3 commands, 2 dependencies, 1 minute.. blast off with Scala development using the mvn archetype

I go to a fair few (probably too many), tech conference and meetups. A passing observation, is that if code samples are shown a proportion of the audience will try to run them while following along. Initially, this seems counter intuitive (to try and both listen and absorbing information while also trying to perform actions as a background task), though my own experience is that this works suprisingly well for practical activities, (maybe the multi-sensory exposure helps learning and retention ?).
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A crash course in Scala types

After many years of Java development, discovering Scala’s type system and related features was something of a departure for me. Suffice to say GADT wasn’t my first four letter utterance when learning about pattern matching on types, let alone what, when and how to use variance annotations and generalized type constraints. To kick things off, here’s a ‘small but powerful‘ few lines of buzzword bingo on the type system:

…Scala is a statically, strongly, typed language, with implicit type inference and support for structural and existential types. It also features parameterized types, abstract and phantom types and is capable of implicitly converting between datatypes. These core capabilities are utilized by context and view bounds and complimented by generalized type constraints, to provide powerful compile time contracts. Furthermore, Scala supports declaration site type annotations to facilitate invariant, covariant and contravariant type variance…

In a word, Ouch !

In the remainder of this post, I’ll try to demystify these concepts and sew the seeds of intrigue for further investigation.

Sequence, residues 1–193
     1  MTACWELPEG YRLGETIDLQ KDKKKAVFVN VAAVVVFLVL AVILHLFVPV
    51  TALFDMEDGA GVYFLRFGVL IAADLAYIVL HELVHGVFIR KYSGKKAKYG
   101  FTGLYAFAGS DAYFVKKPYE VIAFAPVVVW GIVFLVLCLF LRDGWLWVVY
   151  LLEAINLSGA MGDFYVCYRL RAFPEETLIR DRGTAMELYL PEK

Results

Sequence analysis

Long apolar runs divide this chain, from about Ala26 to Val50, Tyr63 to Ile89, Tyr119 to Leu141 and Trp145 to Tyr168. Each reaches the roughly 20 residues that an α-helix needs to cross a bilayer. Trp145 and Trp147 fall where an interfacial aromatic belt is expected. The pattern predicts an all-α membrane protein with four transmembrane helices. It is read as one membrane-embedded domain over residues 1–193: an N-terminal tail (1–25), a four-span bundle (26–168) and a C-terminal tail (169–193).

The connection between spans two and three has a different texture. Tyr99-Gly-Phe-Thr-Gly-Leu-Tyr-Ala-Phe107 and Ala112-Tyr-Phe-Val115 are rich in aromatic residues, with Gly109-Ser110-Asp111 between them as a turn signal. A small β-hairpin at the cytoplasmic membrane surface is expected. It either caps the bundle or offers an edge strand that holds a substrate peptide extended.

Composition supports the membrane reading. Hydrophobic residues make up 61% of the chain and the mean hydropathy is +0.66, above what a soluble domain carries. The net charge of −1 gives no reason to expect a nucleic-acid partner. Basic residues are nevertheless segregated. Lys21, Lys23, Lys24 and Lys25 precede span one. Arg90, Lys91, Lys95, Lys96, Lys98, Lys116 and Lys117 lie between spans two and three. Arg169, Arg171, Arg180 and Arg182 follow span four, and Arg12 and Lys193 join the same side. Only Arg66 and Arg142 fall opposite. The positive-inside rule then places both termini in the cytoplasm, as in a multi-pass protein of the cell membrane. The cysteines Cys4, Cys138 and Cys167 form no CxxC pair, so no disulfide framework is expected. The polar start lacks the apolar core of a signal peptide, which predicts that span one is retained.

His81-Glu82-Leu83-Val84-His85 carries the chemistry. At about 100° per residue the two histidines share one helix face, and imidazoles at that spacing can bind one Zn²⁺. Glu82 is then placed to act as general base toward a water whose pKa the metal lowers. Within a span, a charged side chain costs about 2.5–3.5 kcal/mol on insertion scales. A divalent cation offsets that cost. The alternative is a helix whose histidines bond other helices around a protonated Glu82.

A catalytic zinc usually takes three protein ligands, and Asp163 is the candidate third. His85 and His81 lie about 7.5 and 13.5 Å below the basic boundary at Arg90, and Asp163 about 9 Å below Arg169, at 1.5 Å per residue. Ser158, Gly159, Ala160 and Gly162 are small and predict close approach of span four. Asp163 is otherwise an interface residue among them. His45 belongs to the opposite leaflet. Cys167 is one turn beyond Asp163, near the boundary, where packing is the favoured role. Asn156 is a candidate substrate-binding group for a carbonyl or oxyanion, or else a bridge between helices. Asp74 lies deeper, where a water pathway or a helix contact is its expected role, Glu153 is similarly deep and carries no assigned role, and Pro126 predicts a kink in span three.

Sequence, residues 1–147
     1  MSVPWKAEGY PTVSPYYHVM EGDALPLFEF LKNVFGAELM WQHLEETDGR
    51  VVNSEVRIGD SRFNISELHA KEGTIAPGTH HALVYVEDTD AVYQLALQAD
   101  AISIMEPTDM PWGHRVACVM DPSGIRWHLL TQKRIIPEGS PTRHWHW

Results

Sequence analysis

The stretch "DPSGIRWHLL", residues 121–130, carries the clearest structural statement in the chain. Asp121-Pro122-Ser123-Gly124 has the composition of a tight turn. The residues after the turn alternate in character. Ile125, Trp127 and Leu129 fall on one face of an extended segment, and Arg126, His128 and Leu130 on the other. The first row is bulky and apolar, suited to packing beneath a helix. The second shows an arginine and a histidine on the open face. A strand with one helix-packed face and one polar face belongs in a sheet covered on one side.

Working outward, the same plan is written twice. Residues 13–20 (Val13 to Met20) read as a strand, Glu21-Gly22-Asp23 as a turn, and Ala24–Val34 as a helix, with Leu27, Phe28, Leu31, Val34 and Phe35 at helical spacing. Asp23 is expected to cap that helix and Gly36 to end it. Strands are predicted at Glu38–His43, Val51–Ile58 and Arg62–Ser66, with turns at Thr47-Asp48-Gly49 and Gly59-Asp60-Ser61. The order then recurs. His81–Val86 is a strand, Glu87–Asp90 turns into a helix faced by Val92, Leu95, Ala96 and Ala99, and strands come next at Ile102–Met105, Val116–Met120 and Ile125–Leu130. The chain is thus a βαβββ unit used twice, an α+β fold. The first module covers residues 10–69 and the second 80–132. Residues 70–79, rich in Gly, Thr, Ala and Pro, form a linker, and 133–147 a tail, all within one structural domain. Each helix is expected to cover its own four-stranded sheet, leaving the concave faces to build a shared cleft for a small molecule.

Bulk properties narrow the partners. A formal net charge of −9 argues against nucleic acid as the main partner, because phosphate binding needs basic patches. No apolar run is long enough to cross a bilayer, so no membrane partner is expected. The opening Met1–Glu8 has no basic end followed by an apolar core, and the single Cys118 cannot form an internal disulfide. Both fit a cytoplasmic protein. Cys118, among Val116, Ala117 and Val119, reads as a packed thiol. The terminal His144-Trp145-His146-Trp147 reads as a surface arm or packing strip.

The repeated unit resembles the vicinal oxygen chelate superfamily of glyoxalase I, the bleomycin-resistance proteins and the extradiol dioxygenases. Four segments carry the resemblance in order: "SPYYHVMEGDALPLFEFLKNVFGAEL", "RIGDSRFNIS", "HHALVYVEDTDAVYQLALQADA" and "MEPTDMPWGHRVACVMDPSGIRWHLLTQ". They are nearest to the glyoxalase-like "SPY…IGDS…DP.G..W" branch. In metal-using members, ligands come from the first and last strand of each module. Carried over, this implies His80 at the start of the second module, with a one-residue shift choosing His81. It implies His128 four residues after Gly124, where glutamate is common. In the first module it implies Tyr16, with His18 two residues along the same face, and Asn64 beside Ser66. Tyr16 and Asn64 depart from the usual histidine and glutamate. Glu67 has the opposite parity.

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Pattern Matching in Scala distilled

As the name suggests, pattern matching enables the checking of a sequence of tokens for the presence of the same pattern. Beyond the Scala language, pattern matching is a commonly employed programming technique in a number of (predominantly functional), programming languages including Haskell, Erlang, ML, Clojure and Prolog. In this post I’ll cover the different flavours of pattern matching in Scala, as well as providing reference to typesafe null and extractor patterns to cover the idiomatic usage of pattern matching in Scala.

Power with control… control structures and abstractions in Scala

So ramping up with the Scala 101 series, I thought now is an appropriate juncture to introduce control structures in Scala. To a certain extent, working with the Scala language presents a vista wherein the developer is afforded much greater freedom than in many other environments, but therein lies a great many choices and a sense of responsibility. As such, I’ve consciously tried to restrict this post to covering some of the main flavours and options for control-flow and ¬†iteration within Scala, how they differ and provide examples of usage. Continue reading

Scala… As good as it gets…

As good as it gets was a film starring Jack Nicholson, in which he played a misathropic writer who also happened to suffer from OCD. What bearing has this got with Scala ? Well non-directly, or even indirectly TBH, though I’d say that if Scala were best represented by any psychological disorder, it would most likely be some flavour of bipolar disorder. Scala really does seem to be a modern programming Marmite, where developers either love it or hate it. With no real middle ground being forged between the two. I personally find this quite ironic given the ‘maleability’ of Scala as a programming tool. Continue reading